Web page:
C.      Promotion and protection of human rights on the ground


Torture or other ill-treatment

Despite the authorities’ declarations and apparent efforts to reduce the use of cruel, inhuman or degrading methods of apprehension and detention, torture and other ill-treatment remain widespread and such acts are committed with virtual impunity.  Beatings by law enforcement officers appear to continue to be routine, especially in IVS facilities during initial interrogation, in the street during apprehension, or during transfer to detention centres.  Few law enforcement officers have been brought to trial and held accountable for violations, including torture, despite scores of people alleging that they have been tortured in custody in order to extract a confession.  Evidence based on confessions extracted under torture is still routinely admitted in court. Corruption in law enforcement and the judiciary is believed to contribute significantly to the climate of impunity.


In November 2008, after examining Kazakhstan’s second periodic report, the Committee against Torture called on the authorities “to apply a zero-tolerance approach to the persistent problem of torture”.[5]   The Committee also urged the authorities to “promptly implement effective measures to ensure that a person is not subject in practice to unacknowledged detention and that all detained suspects are afforded, in practice, all fundamental legal safeguards during their detention”.  Following his visit in May 2009, the Special Rapporteur on torture outlined his initial findings: “I conclude that the use of torture and ill-treatment certainly goes beyond isolated instances.”  He also said that he had “received many ‘credible allegations’ of beatings with hands and fists, plastic bottles filled with sand and police truncheons,” and that he “was also told of kicking, asphyxiation through plastic bags and gas masks used to obtain confessions from suspects”.  In several cases, these allegations were supported by forensic medical evidence.[6]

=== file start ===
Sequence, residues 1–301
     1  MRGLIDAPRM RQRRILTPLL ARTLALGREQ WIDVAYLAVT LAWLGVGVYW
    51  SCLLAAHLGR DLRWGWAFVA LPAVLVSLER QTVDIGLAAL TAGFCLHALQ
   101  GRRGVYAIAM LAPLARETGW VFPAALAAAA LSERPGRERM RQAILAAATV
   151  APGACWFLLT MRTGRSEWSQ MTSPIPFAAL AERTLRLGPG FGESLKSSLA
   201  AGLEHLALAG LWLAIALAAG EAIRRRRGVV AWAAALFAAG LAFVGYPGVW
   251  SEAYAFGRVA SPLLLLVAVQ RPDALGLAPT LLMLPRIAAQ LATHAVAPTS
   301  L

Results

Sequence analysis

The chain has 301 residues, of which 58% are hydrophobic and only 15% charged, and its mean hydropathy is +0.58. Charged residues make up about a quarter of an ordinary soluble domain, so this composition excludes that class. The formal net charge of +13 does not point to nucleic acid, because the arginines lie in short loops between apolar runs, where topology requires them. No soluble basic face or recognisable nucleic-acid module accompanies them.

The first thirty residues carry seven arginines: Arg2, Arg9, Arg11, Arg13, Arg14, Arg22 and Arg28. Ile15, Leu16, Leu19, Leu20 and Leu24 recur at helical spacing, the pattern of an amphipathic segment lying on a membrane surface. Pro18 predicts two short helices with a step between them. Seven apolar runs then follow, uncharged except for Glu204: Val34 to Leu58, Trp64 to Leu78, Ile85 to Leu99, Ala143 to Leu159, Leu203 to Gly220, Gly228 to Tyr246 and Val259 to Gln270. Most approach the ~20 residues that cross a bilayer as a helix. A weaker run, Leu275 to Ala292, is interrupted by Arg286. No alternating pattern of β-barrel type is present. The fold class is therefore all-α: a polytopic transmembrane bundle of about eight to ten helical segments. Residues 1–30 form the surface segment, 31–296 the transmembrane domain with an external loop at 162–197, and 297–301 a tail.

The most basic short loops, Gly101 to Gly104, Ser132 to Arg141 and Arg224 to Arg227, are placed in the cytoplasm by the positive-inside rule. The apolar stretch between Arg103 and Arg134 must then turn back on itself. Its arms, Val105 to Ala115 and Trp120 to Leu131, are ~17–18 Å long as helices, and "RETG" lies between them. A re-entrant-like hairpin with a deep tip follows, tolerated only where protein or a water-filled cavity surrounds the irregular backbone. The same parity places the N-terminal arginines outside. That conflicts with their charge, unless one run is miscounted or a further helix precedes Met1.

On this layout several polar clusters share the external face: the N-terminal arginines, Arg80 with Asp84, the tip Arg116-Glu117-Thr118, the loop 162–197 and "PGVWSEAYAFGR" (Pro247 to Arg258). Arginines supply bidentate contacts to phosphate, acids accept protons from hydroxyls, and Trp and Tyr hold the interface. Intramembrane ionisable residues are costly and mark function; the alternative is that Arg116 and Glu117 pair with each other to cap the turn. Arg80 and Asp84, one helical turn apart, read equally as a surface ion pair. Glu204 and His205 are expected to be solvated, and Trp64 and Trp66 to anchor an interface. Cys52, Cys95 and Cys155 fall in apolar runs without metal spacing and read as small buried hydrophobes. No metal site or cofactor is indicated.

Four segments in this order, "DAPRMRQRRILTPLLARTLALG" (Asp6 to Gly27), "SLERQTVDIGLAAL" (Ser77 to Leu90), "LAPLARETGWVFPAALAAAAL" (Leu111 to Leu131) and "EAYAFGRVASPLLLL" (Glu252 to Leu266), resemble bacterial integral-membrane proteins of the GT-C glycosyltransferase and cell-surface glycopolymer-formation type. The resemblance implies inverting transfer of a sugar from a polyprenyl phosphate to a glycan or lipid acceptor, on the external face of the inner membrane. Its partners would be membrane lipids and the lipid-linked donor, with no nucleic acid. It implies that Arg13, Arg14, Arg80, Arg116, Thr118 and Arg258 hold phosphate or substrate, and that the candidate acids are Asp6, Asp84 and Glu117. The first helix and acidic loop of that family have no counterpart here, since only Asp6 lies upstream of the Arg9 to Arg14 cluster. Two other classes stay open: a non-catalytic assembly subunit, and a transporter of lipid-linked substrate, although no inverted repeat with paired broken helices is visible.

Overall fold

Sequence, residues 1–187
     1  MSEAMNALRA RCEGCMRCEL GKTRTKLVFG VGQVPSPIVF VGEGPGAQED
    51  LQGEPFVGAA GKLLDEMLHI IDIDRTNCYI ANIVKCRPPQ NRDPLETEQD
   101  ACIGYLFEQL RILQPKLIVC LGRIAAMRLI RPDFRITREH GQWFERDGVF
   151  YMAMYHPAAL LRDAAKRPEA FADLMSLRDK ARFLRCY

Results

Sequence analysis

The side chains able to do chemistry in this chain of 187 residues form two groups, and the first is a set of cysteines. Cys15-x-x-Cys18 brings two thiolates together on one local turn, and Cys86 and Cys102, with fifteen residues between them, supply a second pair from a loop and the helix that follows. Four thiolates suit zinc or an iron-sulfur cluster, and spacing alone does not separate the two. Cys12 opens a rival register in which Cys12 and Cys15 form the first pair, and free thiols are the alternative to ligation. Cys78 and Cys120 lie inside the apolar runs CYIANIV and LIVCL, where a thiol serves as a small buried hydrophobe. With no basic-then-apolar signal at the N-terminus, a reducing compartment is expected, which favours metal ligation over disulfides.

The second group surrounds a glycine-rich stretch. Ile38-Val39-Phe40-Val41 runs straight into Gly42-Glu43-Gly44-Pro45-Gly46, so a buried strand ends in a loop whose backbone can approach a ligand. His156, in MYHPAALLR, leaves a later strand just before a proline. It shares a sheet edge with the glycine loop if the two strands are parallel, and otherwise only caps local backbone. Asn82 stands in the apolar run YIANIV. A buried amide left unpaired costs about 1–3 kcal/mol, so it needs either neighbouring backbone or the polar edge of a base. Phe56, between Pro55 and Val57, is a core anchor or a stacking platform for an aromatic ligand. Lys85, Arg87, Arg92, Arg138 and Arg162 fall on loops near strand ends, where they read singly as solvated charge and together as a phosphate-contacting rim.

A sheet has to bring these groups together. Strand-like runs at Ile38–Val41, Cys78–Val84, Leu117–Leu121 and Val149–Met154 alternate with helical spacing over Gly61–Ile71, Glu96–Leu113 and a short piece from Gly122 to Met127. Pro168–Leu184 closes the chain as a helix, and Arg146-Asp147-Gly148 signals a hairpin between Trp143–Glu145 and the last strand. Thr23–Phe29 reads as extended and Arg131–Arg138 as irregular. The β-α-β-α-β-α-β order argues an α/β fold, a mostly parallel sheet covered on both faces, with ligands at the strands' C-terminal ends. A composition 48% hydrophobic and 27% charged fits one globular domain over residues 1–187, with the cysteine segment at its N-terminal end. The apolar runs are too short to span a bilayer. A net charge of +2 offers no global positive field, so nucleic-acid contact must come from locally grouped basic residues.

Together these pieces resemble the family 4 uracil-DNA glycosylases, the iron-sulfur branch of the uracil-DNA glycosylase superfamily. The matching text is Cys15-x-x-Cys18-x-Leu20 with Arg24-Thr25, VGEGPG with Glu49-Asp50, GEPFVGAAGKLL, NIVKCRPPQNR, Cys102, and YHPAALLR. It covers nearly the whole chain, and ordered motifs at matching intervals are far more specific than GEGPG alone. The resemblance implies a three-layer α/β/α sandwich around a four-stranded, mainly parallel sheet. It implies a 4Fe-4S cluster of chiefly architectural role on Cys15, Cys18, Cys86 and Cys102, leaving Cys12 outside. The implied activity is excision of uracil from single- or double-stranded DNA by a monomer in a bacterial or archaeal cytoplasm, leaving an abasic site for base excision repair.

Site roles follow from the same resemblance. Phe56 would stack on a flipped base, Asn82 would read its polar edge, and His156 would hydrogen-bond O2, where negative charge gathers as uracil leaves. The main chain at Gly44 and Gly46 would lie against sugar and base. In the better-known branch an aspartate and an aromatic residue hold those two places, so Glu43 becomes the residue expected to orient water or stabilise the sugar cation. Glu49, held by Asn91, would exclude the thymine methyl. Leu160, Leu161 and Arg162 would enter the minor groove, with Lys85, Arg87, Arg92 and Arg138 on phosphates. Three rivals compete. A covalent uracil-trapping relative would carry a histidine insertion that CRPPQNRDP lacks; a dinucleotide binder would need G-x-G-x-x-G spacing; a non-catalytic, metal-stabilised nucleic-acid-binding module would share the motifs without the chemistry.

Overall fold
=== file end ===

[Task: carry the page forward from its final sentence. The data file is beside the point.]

Lack of effective and independent investigations

In May 2009, the UN Special Rapporteur on torture expressed concern at the “almost total absence” of official complaints [of ill-treatment], which raises doubt about whether there is in fact a meaningful complaint mechanism, stating, “It appears that most detainees refrain from filing complaints because they do not trust the system or are afraid of reprisals”.[7]  National legislation in Kazakhstan does not specifically call for a prompt and impartial investigation into a complaint of torture or other ill-treatment. Instead it requires the competent authorities to register a complaint and to open a criminal case into the complaint if sufficient evidence is presented that a criminal offence has been committed, and to inform the complainant of the decision.[8]  However, the law gives the competent authorities from 72 hours to up to two months to decide whether or not to open a criminal case into allegations of torture or ill-treatment.  There is also no independent mechanism or structure to investigate complaints of torture promptly, thoroughly and impartially.  Most complaints of torture by law enforcement officers, brought to Amnesty International’s attention, are passed by the prosecutor’s office to the Directorate of Internal Security of the respective Department of Internal Affairs for further investigation.  In practice, this means that one section of law enforcement investigates members of another section of law enforcement.  In the majority of cases, the investigation is not impartial or thorough and the complainants are often not interviewed in person.  Law enforcement officers accused of torture or other ill-treatment generally refute the allegations, stating that the complainant resisted arrest, that they acted in self-defence or that the injuries had been sustained prior to detention.  In many cases no criminal case is opened or the case is closed for lack of sufficient corroborating evidence. 


Human rights violations in the context of national security and the fight against terrorism

The fight against terrorism and other threats to national security are frequently invoked by the authorities as crucial to securing national and regional stability.  However, all too frequently, pursuance of these aims is invoked when targeting vulnerable groups or groups perceived as a threat to national or regional security, and in pursuance of these aims the authorities violate human rights, including by resorting to torture or other ill-treatment.  Among those particularly targeted are banned Islamic groups and Islamist parties, or other religious minorities, and asylum-seekers from neighbouring countries, in particular from China and Uzbekistan.  The Special Rapporteur on torture stated in May 2009 that “there are some groups that run larger risks of cruel, inhuman and degrading treatment than others”, noting that the likeliness for foreigners to be subjected to such treatment seems to be “higher than average”.  Although presumption of innocence is enshrined in law, it is violated on a regular basis, particularly in the context of so-called national security cases, including high-profile criminal cases linked to the prosecution of state officials and leading political actors, and in the fight against terrorism, with suspects often branded guilty in public before the start of the trials.  Terrorism with loss of life is the only Article in the Criminal Code, which can be punished by death in peacetime.